The highlight of the day will be the installation of a statue right across from the embassy as a reminder of Japan’s cruel past. The 1.2-meter-tall bronze depicts a little girl standing by a bench craving peace between Korea and Japan.
“People will be able to sit next to her and take a moment to think about the brutalities committed against the halmeoni,” Yoon said.
The plan to install the statue has irritated the Japanese government. Its envoys have reportedly complained to the Korean government, questioning the legality of building it. But an official at the Jongno District Office, which has jurisdiction over the site, said there would be no problems with the statue, citing it as a piece of art.
Throughout the week, the group will plan fund-raisers for the statue and also a museum and monument for the victims. The KCDW has purchased real estate in Seongmisan Maeul in western Seoul, and now seeks to raise money for its interior and maintenance work.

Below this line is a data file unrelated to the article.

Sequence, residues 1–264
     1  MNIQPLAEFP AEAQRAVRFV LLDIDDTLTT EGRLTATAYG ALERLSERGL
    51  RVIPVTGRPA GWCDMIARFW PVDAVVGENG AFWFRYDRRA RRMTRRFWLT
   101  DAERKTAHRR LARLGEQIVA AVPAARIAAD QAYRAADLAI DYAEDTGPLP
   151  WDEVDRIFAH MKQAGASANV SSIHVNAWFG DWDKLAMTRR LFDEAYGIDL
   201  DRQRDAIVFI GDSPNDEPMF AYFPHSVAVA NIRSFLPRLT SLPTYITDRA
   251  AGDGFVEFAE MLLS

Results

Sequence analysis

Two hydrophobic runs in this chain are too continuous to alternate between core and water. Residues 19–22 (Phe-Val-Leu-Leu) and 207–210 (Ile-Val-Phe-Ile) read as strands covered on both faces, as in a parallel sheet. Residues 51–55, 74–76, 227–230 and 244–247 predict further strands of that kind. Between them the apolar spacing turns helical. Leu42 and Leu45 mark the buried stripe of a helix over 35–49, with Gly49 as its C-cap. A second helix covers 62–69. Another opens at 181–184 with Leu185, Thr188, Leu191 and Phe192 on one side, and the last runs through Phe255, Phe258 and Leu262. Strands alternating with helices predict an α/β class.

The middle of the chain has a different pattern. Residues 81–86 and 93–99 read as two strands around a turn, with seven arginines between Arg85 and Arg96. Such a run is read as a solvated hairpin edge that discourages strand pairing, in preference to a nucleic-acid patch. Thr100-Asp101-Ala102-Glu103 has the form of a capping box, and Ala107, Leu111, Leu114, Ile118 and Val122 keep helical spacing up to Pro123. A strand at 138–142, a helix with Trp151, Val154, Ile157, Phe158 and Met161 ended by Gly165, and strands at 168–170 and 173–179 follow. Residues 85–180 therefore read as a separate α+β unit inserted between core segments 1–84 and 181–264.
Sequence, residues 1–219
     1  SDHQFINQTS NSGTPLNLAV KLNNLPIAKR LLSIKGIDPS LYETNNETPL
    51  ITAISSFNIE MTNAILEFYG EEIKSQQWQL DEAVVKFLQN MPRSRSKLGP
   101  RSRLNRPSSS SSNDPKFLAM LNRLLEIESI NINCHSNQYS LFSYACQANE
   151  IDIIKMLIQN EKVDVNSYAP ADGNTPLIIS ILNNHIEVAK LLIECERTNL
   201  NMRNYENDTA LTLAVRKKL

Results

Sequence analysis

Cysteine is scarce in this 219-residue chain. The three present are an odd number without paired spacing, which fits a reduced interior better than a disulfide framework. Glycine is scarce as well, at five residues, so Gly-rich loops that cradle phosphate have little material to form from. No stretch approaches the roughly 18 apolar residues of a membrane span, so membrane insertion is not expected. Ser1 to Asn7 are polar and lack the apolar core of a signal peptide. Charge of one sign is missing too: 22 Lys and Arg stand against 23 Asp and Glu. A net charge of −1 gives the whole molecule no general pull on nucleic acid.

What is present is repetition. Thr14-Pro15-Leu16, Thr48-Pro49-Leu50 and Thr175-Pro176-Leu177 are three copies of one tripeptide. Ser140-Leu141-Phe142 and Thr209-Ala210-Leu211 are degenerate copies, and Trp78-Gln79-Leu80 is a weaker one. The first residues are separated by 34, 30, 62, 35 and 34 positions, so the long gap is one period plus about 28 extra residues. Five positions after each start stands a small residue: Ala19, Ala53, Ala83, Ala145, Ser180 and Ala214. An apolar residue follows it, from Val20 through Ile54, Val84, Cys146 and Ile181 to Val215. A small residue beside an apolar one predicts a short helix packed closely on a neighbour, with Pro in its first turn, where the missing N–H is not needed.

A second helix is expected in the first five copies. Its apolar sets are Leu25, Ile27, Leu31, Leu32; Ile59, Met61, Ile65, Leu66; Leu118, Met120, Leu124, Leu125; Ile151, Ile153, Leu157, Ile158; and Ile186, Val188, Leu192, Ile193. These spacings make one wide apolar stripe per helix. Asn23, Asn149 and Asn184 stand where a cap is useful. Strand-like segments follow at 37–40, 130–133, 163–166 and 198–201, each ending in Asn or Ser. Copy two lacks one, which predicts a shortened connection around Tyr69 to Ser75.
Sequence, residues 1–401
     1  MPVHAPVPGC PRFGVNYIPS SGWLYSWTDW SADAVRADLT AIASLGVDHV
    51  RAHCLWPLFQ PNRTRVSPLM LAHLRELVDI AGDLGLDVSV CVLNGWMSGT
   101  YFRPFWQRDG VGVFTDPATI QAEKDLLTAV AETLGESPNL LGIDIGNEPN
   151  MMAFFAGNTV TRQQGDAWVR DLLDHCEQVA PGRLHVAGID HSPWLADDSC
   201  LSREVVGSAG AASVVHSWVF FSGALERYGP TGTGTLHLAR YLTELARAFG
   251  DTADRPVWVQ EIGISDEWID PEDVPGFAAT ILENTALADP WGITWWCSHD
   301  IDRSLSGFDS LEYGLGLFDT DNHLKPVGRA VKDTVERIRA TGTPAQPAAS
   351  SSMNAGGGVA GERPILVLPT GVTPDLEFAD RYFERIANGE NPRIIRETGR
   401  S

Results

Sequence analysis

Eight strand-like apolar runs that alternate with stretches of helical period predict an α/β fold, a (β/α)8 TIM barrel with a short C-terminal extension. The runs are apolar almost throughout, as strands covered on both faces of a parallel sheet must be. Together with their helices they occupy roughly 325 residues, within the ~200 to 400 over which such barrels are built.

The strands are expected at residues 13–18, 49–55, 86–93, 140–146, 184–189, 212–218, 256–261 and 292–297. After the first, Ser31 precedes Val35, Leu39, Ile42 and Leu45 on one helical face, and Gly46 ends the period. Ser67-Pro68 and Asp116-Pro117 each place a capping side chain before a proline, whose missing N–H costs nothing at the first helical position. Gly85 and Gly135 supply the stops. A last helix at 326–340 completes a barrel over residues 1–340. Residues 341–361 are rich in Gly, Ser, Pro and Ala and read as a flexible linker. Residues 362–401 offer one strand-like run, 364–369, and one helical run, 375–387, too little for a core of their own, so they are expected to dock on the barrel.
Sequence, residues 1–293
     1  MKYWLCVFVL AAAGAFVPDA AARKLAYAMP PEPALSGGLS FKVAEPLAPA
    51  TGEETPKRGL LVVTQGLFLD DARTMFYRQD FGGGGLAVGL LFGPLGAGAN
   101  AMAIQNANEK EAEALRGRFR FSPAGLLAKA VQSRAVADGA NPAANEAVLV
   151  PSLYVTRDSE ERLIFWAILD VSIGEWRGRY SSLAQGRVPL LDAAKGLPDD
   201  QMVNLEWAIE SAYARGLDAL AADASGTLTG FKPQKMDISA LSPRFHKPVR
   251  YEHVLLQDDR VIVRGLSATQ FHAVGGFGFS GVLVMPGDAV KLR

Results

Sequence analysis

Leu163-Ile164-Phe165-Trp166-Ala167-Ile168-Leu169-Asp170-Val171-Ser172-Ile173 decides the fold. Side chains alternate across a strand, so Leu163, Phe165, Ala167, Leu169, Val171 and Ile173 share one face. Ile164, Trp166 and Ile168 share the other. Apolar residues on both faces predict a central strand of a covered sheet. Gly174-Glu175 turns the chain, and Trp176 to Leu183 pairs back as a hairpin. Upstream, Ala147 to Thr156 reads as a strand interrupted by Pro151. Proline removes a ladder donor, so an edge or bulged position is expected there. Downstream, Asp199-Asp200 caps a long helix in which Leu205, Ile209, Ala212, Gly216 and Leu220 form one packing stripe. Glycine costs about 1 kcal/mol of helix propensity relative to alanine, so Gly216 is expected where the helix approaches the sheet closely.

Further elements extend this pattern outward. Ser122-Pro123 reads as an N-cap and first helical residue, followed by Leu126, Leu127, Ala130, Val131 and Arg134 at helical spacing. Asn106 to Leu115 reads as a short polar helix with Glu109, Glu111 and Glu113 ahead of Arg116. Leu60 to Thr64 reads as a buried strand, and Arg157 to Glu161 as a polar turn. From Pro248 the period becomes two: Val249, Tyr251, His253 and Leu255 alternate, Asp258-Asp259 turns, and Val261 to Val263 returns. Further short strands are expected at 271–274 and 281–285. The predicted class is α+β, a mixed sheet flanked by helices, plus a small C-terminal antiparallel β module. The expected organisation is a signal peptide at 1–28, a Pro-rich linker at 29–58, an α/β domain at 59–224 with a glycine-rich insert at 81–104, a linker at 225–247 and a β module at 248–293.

Time running out
What makes the comfort women issue more urgent is that the victims are very old. It is likely that their stories will vanish with their deaths. Out of the 234 women who registered with the government, only 65 are still alive.
“They are getting weaker day by day and we are worried about them, too,” said Ahn Sun-mi, a team manager at the KCWD.
Kim Min-chul, an official at the Institute for Research in Collaborationist Activities, said that if they are officially acknowledged by the Japanese parliament and compensated accordingly, it will be an important stepping stone for other unnoticed issues stemming from the Japanese colonial dominance.